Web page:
"... Fraser Steele certainly looks the part – a lonely outsider, his smart suit a form of armour – and Isherwood’s observations and arguments offer food for thought. Some drama blooms in a scene between George and Charley (Olivia Darnley, excellent), but none of it brings the intensity and depth of feeling it should."

Arifa Akbar, The Guardian
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The Times

"Isherwood’s tale impresses on stage"

"Tom Ford’s film of Christopher Isherwood’s novel added layer after layer of designer gloss to this story of 24 hours in the life of an expat academic trying to come to terms with the death of his gay lover. Simon Reade’s pensive adaptation instead focuses on unvarnished emotion."

"A strong ensemble anchors a chamber production from the Troupe Theatre Company, intelligently directed by Philip Wilson"

"... the glorious moment when George and Kenny find contentment by splashing into a stylised ocean will stay with me for a long time."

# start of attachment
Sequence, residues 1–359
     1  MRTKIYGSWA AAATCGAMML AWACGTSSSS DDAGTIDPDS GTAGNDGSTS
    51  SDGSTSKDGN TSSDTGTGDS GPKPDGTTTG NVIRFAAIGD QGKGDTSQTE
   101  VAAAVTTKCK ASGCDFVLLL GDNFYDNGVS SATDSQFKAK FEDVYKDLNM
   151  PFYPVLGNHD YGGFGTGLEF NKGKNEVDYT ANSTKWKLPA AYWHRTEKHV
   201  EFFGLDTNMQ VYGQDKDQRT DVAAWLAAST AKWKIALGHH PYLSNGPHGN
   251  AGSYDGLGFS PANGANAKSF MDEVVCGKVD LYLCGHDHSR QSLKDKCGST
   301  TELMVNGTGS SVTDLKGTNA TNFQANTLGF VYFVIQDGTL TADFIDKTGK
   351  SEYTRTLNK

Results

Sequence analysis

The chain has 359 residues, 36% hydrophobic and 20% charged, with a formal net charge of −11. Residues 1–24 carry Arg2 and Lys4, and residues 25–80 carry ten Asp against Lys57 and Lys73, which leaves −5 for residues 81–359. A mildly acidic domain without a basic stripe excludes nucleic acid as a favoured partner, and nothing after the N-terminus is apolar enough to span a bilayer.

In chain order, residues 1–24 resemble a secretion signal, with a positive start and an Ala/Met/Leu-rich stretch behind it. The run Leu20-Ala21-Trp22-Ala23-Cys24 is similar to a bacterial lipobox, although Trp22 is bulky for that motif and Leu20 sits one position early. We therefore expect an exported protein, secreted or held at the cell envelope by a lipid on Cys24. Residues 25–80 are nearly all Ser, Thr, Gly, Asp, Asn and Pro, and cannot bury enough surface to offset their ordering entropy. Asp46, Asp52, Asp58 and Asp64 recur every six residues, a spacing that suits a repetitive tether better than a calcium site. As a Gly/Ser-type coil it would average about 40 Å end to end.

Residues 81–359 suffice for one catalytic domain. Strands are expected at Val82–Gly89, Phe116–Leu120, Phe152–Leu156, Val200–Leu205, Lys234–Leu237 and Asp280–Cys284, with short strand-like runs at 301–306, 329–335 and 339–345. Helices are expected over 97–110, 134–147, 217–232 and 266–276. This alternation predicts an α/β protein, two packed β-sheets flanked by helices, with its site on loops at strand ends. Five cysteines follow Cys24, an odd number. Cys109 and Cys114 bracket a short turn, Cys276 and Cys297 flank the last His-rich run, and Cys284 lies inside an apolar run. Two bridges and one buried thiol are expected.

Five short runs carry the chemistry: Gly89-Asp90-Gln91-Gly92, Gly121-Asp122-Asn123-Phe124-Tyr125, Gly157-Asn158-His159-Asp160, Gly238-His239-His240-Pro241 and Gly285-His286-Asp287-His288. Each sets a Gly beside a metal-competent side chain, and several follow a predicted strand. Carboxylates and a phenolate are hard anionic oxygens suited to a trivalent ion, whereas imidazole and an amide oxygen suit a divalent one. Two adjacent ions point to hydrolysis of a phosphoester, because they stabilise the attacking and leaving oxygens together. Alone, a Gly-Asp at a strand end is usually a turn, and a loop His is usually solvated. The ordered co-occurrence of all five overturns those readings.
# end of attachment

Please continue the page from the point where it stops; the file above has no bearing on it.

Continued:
Clive Davis, The Times
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The Financial Times

"Reade’s adaptation, directed by Philip Wilson, skilfully catches the strange dislocation of grief"

"Fraser Steele’s excellent, angular, awkward performance precisely charts the physical discomfort of George’s continued life, as he negotiates encounters with his neighbours, his students and a lonely bohemian friend Charley (Olivia Darnley, bringing an edge of desperation to her bright bonhomie)"

"All that being said, there is something a little sterile and remote about the show. That might be in keeping with George’s sense of dislocation, but it makes for a muted experience"

Sarah Hemming, The Financial Times
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The Sunday Times